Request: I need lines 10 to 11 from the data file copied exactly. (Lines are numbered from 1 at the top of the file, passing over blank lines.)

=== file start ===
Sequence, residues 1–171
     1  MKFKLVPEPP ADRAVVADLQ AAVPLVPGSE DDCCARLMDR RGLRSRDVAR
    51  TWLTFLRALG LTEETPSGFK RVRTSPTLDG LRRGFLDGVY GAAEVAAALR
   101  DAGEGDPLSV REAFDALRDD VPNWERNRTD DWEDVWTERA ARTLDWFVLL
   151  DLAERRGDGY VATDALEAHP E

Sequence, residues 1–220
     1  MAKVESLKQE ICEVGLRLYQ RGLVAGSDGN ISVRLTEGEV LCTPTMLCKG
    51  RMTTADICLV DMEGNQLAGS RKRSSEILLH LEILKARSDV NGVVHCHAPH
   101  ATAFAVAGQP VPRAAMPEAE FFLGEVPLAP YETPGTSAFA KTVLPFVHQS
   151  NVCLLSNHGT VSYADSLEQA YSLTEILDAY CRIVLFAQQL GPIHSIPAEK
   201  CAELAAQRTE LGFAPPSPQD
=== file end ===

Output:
   151  NVCLLSNHGT VSYADSLEQA YSLTEILDAY CRIVLFAQQL GPIHSIPAEK
   201  CAELAAQRTE LGFAPPSPQD